How to minimize the impacts of the next Amazon reboot… or of your own datacenter failure

So as everyone knows, Amazon rebooted virtually all EC2 instances in December.  They emailed people to notify them, but not everyone read the emails, leading to Amazon performing the reboots on their own schedule, with the customers unaware.

For some SaaS companies, this resulted in many hours of downtime. For others, there was a short impact. What was the difference?

Time to Notification

One of the main differentiators was where monitoring was running.  Some companies ran their own monitoring within EC2 – so when their instances were rebooted, so was their monitoring. If it did not automatically recover, they had several hours of outage before they even knew they had an issue. (As their monitoring was down, they had nothing to alert them to the rest of their infrastructure being down too.)

Time to Remediation

Once people knew their servers were down, those with monitoring hosted at EC2 knew they had an issue, but were blind as to the status of their other systems until they recovered their monitoring systems.  In some cases we heard about, this added several hours to the recovery time.  Those using monitoring as a service had immediate visibility into what systems and services had recovered, and which had not, and needed their attention – then they could quickly focus on recovering their databases, or redis systems, or whatever was needed.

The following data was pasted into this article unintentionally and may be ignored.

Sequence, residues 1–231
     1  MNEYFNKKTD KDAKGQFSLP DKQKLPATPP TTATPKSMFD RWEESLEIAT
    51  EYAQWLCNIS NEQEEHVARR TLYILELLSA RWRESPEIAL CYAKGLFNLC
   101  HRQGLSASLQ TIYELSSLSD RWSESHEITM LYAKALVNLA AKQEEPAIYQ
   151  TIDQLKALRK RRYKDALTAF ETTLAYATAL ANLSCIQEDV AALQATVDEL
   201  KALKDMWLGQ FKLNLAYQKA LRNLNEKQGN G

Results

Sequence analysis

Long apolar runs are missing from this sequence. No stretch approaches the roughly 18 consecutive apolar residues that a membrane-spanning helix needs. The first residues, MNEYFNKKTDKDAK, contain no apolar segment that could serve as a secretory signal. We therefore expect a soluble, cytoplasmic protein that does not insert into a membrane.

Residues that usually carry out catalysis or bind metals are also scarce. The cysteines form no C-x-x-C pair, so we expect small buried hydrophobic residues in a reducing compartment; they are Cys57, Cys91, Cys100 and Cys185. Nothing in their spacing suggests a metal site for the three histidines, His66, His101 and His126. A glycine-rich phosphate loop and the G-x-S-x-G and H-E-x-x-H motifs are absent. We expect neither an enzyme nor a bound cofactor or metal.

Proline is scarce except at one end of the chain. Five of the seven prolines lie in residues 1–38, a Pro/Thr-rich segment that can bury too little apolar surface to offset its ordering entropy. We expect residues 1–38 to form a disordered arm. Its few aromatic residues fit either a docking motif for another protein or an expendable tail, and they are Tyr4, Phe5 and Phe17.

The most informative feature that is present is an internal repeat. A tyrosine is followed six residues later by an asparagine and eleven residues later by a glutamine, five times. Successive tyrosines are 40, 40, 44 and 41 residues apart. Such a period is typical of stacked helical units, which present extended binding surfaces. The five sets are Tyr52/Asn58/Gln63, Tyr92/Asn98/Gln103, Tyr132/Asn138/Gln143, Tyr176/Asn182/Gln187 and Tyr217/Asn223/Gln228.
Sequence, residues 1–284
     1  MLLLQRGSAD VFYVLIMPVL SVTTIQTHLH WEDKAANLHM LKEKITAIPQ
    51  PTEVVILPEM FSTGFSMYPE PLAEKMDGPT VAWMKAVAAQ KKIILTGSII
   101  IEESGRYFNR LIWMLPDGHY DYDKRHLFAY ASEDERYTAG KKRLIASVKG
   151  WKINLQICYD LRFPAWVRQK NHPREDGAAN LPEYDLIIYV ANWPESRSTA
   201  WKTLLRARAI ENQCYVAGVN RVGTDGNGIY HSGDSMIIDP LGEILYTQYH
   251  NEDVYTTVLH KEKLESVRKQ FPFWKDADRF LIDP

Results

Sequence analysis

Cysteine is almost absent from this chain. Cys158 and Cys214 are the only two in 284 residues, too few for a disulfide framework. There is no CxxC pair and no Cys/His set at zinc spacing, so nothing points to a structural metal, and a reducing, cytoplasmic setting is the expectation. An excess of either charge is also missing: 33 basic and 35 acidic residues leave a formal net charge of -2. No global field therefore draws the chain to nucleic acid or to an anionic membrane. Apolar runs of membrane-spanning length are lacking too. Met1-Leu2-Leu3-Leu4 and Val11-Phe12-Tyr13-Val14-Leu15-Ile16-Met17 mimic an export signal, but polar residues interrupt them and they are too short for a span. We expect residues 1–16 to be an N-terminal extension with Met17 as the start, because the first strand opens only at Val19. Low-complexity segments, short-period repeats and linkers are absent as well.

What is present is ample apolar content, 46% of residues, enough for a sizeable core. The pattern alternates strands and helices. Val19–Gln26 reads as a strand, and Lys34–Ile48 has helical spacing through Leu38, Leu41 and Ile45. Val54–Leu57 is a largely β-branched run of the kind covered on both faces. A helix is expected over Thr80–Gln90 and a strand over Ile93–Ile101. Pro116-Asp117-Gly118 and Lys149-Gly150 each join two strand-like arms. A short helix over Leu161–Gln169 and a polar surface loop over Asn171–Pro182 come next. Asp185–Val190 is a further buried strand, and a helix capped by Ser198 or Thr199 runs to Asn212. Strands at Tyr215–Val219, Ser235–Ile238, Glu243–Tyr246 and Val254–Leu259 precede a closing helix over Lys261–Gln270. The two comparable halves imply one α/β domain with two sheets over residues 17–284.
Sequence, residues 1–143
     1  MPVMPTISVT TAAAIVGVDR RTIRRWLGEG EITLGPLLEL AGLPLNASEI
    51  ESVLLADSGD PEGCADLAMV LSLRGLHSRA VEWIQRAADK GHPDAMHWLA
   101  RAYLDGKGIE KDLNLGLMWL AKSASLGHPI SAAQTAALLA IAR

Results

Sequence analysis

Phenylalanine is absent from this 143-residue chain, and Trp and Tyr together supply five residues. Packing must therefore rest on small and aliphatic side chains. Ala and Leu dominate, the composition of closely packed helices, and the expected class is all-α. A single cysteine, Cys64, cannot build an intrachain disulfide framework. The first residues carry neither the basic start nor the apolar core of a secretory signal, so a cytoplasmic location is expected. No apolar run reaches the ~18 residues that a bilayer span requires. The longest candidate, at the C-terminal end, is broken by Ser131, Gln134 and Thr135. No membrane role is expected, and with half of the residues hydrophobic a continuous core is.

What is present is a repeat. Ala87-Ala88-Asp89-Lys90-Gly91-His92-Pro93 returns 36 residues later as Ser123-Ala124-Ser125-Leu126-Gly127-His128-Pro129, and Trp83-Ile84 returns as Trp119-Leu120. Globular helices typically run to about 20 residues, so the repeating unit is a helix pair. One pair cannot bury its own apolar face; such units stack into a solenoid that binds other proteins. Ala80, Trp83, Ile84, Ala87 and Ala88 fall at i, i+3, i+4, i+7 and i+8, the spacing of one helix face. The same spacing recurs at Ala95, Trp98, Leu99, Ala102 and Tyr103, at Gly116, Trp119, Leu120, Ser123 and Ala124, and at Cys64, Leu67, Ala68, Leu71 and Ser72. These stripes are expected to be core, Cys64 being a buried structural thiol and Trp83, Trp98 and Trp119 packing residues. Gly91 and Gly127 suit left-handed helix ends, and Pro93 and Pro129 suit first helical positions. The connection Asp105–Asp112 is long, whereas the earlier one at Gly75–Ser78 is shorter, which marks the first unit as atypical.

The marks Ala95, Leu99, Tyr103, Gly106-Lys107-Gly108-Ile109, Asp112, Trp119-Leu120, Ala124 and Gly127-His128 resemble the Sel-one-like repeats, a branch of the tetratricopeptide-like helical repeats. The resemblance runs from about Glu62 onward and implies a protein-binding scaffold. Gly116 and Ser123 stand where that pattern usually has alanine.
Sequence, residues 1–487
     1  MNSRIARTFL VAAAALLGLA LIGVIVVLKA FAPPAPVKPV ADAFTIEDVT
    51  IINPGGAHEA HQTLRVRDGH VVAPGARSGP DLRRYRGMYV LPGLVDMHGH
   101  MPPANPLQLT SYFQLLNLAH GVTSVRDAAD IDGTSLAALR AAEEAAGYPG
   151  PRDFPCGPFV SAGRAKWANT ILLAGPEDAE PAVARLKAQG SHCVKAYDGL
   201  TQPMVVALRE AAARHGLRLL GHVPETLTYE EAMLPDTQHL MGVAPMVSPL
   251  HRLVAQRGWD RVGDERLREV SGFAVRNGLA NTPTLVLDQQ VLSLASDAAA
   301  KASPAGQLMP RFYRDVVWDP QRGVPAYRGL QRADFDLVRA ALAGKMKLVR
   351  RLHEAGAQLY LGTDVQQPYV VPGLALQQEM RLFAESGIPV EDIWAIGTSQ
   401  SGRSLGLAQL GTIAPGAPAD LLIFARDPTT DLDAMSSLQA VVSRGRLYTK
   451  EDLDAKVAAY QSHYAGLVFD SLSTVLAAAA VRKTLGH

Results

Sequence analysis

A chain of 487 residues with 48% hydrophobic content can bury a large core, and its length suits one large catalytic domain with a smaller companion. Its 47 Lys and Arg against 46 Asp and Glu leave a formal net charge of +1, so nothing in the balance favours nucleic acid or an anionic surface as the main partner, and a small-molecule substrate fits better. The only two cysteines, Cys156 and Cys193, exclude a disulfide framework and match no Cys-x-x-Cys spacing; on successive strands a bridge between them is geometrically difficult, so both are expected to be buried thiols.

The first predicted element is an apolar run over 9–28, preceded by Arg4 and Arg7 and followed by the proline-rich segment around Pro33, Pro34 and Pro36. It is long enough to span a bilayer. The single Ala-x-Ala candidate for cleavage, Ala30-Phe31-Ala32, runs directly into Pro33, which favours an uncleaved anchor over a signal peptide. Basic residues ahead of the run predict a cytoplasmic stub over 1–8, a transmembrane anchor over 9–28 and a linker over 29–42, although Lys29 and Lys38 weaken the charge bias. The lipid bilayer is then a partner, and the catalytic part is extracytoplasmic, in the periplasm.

The cloud or your datacenter?

Of course, exactly the same issues apply to outages of your own datacenter.  Even the best run datacenters can lose power or network connectivity. It should never happen with A/B power and redundant networks – but it does.  Having Monitoring as a service is just as important whether you have one datacenter (which is analogous to an EC2 region) or multiple.  You want your monitoring outside all your datacenters (otherwise no doubt the one hosting the monitoring will be the one that fails, following the law of toast falling jam side down).

And you want your monitoring to be available immediately, as soon as the power or network recovers, so you can know what to focus on to restore service.

Organize to speed remediation

Your infrastructure has dependencies. No point in trying to bring up your database if its data is stored on a NetApp that is in a cluster failure state.  So have a view in your monitoring that lets you see things by functional groups, and lets you assess whether the prerequisite systems are up.


Practice, as the saying goes, makes perfect.  Run DR drills.  Spin up a cloud based replica, and rudely shut it down. Make sure you know the order of your system’s dependencies.  See how long it takes you to recover. Get used to using your monitoring to guide you in what to address next.

Now imagine how long it would take to recover without monitoring visibility.

Key takeaway: Move your monitoring away from a premise based system, onto Monitoring as a Service, before your next datacenter or cloud impacting event.